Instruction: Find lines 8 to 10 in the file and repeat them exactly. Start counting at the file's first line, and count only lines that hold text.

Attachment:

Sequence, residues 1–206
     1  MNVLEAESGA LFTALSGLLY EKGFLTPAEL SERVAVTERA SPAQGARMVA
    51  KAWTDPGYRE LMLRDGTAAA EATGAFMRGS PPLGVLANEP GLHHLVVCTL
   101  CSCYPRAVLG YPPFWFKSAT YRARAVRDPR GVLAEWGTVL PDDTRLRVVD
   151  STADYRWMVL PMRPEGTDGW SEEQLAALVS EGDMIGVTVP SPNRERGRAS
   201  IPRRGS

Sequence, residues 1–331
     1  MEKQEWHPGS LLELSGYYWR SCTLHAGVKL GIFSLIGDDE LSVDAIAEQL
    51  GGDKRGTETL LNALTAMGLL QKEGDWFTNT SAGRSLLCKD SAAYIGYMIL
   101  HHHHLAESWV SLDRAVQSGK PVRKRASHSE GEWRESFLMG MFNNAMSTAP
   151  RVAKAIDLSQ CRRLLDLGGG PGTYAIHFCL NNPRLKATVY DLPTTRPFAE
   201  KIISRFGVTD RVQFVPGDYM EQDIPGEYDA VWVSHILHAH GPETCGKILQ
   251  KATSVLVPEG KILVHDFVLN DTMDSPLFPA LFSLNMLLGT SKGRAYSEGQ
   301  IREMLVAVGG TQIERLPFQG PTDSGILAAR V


     1  MEKQEWHPGS LLELSGYYWR SCTLHAGVKL GIFSLIGDDE LSVDAIAEQL
    51  GGDKRGTETL LNALTAMGLL QKEGDWFTNT SAGRSLLCKD SAAYIGYMIL
   101  HHHHLAESWV SLDRAVQSGK PVRKRASHSE GEWRESFLMG MFNNAMSTAP